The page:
• 6. Re: Ahh i'm stuck on this
    gimbal2 Guru
    Currently Being Moderated
    You are defining a variable name of the type Person. Its right there in your code. You dont want that - it makes more sense that you want to create a person and give that person a name.
    Person person = new Person(name);
    Wouldn't you agree?
  • 7. Re: Ahh i'm stuck on this
    rp0428 Guru
    Currently Being Moderated
    >
    Ok I seem to understand that but then what can I do to make an undefined number of instances of Person, until the loop is broken
    >
    You have to have somewhere to put them after you make them.

    Like gimbal2 suggested you can create a List instance and add each new one you create to the list.
    List myPersonList = new ArrayList();
    . . .
    myPersonList.add(new Person('name1'));
    myPersonList.add(new Person('name2'));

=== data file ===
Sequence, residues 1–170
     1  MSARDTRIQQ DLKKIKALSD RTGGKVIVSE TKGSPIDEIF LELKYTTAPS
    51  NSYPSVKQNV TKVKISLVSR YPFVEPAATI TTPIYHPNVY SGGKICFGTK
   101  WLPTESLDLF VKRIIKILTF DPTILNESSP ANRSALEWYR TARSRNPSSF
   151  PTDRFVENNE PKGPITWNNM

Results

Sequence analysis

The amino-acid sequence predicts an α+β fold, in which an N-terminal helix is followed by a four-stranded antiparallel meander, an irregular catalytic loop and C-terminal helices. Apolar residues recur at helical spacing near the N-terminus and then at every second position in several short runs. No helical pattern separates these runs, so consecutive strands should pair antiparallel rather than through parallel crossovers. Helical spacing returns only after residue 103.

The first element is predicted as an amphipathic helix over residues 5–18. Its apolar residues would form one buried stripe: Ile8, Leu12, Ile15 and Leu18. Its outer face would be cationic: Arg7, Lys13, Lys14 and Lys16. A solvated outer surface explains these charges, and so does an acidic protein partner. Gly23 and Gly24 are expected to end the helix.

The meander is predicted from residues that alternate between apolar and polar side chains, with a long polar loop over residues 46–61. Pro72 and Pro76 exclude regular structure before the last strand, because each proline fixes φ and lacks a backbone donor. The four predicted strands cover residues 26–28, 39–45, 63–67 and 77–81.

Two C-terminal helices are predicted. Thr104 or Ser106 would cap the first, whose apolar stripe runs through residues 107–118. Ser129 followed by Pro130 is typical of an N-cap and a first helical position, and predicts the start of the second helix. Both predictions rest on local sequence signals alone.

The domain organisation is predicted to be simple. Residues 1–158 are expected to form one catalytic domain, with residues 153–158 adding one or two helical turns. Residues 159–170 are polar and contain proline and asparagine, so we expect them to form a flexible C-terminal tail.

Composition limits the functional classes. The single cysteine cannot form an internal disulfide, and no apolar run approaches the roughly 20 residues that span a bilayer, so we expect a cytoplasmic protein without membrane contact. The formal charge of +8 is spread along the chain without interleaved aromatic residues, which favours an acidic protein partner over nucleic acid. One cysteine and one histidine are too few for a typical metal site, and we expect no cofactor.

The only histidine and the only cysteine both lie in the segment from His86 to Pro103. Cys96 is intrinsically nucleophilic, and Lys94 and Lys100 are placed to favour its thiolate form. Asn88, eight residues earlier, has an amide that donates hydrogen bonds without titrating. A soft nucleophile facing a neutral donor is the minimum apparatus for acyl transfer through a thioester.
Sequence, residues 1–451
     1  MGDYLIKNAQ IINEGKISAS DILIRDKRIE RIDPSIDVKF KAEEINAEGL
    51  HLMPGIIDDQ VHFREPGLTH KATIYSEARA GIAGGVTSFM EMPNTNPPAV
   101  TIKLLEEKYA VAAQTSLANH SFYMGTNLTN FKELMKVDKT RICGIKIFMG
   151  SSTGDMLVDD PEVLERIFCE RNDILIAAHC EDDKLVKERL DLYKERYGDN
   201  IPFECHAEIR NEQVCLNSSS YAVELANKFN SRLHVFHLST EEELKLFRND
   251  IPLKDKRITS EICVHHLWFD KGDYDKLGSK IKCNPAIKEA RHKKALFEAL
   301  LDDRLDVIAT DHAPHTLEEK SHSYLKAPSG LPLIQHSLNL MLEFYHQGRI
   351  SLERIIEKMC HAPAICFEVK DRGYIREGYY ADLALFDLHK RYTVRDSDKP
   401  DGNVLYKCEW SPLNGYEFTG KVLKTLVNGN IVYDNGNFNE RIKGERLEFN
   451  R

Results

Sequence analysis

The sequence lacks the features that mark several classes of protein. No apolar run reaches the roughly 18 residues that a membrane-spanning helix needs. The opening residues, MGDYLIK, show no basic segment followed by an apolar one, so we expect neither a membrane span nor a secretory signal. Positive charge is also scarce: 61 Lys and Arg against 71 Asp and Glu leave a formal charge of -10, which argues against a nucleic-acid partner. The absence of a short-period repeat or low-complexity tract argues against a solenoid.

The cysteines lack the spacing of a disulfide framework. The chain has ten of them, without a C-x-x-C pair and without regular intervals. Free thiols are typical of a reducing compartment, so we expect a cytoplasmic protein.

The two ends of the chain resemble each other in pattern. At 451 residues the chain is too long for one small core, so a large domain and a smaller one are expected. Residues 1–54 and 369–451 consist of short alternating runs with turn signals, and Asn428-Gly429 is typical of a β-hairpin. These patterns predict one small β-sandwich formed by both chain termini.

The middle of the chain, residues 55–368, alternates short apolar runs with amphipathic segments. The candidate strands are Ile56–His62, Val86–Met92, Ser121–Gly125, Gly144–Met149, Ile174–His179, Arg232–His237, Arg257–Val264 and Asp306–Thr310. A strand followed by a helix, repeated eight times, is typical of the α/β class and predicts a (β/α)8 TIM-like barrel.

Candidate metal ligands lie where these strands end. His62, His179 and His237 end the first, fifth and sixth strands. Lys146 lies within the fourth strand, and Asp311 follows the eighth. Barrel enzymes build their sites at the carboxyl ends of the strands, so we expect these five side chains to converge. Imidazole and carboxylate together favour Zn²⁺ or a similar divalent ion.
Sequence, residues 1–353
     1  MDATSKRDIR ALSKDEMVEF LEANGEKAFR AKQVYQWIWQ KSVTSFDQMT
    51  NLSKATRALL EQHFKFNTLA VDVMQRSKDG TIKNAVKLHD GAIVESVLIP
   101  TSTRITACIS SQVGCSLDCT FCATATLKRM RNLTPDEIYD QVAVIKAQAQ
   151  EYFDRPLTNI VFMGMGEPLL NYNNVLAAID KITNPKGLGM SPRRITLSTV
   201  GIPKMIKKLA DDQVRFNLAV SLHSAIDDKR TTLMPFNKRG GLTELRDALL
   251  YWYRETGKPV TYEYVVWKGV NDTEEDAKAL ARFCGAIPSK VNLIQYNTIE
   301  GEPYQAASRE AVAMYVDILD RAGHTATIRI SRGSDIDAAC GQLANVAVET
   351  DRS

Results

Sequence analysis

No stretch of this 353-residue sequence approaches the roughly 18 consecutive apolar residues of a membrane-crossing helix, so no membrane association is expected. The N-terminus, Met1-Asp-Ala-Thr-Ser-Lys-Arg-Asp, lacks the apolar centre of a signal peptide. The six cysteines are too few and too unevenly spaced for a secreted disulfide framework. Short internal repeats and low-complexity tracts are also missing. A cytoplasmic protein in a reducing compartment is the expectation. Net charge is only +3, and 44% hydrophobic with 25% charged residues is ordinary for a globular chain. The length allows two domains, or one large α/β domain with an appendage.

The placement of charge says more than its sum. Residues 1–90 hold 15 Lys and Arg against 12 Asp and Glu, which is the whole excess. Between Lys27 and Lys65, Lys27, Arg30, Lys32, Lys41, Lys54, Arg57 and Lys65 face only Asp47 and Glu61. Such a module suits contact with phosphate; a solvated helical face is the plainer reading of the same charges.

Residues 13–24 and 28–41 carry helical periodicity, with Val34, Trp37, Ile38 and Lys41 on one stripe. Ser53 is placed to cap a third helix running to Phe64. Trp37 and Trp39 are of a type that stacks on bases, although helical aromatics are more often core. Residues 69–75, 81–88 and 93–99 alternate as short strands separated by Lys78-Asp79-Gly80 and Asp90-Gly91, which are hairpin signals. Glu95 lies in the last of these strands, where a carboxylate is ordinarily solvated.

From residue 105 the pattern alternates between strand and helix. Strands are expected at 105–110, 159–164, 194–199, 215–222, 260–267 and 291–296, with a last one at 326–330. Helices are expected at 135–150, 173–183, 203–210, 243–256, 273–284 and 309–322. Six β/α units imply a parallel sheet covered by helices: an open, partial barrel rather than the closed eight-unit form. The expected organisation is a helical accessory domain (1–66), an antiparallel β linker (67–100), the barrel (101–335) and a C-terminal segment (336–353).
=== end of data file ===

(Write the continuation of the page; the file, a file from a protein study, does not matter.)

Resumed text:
myPersonList.add(new Person('name3'));
    . . .
  • 8. Re: Ahh i'm stuck on this
    doremifasollatido Journeyer
    Currently Being Moderated
    If you need to be able to refer to the Person objects by name, you could use a Map such as HashMap:
    Map<String, Person> map = new HashMap<String, Person>();
    System.out.println("Enter persons name");
    String name = scan.nextLine();
    /* now i want to make an object for that person using the name that was just entered */
    map.put(name, new Person(name));
    System.out.println(map.get(name)); // Will only print nicely if Person has a customized toString() method.
  • 9. Re: Ahh i'm stuck on this
    gimbal2 Guru
    Currently Being Moderated
    doremifasollatido wrote:
    If you need to be able to refer to the Person objects by name, you could use a Map such as HashMap: